Real crisis

Which Items Will Disappear First During A Major National Emergency?

End-Times-Ruins-Apocalypse-Public-Domain-460x368One day in the not too distant future, a major emergency will strike this nation, and that will set off a round of hoarding unlike anything we have ever seen before.  Just think about what happens when a big winter storm or a hurricane is about to hit one of our major cities – inevitably store shelves are stripped bare of bread, milk, snow shovels, etc.  Even though winter storms and hurricanes are just temporary hurdles to overcome, they still cause many people to go into panic mode.  So what is going to happen when we have a real crisis on our hands?

We can get some clues about which items will disappear first during a major national emergency by taking a look at where such a scenario is already playing out.  One recent survey found that over 80 percent of all basic foodstuffs are currently unavailable in Venezuela, and about half the country can no longer provide three meals a day for their families.  Thankfully, some stores still have a few things that they are able to offer, but other key items are completely gone.  The following comes from USA Today

Oh, there are some things to buy. Besides salt, there are fresh vegetables and fruits, dairy products but no milk, some cereal, lots of snacks and a few canned goods.

The only meat is sausages; there are three kinds of cheese. The only problem: A kilogram of each costs more than a fourth of our monthly minimum wage of 15,050 bolivars.

But basic foodstuffs – the things most Venezuelans want to eat  such as corn meal, wheat flour, pasta, rice, milk, eggs, sugar, coffee, chicken, mayonnaise, margarine, cooking oil and beef – are conspicuous by their absence. And there is no toilet paper, no sanitary napkins, no disposable baby diapers, no shampoo, no toothpaste, no hand soap and no deodorant.

Do you have plenty of the items in bold above stored up?

If not, you may want to stock up while you still can.

Venezuela was once the wealthiest nation in all of South America, but now lines for food often begin as early as three in the morning.  Some people have become so desperate that they are actually hunting cats, dogs and pigeons for food, and there are even a few very sick people that have been killing and eating zoo animals.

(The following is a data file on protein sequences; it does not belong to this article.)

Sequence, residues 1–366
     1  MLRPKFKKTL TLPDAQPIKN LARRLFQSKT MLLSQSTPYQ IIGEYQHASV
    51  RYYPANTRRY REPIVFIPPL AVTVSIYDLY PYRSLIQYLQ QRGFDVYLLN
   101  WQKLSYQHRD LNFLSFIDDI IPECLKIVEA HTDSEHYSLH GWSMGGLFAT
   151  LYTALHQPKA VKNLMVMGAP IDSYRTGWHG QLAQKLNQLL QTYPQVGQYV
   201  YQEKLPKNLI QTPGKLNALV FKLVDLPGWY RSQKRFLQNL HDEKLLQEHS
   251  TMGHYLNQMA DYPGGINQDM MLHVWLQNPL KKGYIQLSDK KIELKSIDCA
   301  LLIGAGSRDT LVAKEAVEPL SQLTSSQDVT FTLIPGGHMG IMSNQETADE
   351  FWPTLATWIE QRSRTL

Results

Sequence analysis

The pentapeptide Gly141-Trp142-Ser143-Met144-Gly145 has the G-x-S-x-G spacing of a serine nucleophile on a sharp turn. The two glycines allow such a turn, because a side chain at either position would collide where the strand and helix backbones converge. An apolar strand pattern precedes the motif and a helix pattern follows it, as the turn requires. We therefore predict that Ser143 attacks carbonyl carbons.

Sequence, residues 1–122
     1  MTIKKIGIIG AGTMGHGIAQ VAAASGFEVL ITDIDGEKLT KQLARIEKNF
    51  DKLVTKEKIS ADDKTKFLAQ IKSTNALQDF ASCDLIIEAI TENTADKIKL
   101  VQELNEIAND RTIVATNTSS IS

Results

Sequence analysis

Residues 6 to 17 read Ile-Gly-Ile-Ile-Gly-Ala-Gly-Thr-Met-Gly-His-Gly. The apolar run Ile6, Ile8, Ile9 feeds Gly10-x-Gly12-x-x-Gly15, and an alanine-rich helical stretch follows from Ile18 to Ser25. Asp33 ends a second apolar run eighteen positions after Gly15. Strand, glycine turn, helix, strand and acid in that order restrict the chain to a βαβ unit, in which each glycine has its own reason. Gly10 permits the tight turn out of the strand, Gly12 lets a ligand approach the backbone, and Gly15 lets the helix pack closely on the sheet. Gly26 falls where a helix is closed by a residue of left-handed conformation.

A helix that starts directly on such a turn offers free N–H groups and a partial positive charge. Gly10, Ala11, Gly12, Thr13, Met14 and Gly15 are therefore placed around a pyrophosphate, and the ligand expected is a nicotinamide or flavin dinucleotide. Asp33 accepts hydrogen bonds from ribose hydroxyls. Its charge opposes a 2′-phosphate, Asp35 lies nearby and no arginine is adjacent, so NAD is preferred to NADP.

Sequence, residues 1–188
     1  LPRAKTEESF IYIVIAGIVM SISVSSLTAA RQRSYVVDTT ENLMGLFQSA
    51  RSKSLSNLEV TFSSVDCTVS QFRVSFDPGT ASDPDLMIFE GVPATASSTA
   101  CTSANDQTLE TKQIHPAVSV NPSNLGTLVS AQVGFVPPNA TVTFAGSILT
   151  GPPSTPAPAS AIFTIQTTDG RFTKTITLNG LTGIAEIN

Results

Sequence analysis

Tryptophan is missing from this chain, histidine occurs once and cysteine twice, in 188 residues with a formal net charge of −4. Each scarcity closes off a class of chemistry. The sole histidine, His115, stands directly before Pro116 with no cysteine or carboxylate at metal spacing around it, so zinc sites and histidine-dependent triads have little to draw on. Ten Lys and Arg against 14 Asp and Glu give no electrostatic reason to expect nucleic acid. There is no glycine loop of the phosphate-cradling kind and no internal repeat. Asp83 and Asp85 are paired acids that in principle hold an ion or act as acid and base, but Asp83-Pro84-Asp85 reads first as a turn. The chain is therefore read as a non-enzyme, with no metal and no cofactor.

Someday similar things will happen in the United States and Europe too.

When that day arrives, will you be prepared?

One of the things that got my attention from the article quote above was the lack of milk.  My wife is always telling me that we should store up more dried milk, and I believe that she is right.

Just imagine not having any milk and not being able to get any more.

What would you do?

Another thing that really stood out to me in the article was the fact that there is a severe shortage of personal hygiene items.  Most people don’t really think of those as “prepper goods”, but the truth is that life will become very uncomfortable without them very rapidly.

What would you do if there was no more toilet paper?

And if you have a little one, how are you going to manage without any diapers?

In general, it is wise to always have an extra supply of just about everything that you use on a daily basis stored away somewhere in your home.  The generation that went through the Great Depression of the 1930s understood this concept very well, but most of us that are younger have had it so good for so long that we don’t even really grasp what a real crisis looks like.

Another thing that we are seeing happen right now in Venezuela is the rise of a barter economy

Many of my urban friends are now planting vegetables in their outdoor spaces – if they have any – or in pots. Another friend, who is a hairdresser, is charging clients food to do their hair. For a shampoo and dry, she charges a kilo of corn meal, saying that she doesn’t have time to stand in line like some of her clients. Read more from the “Economic Collapse”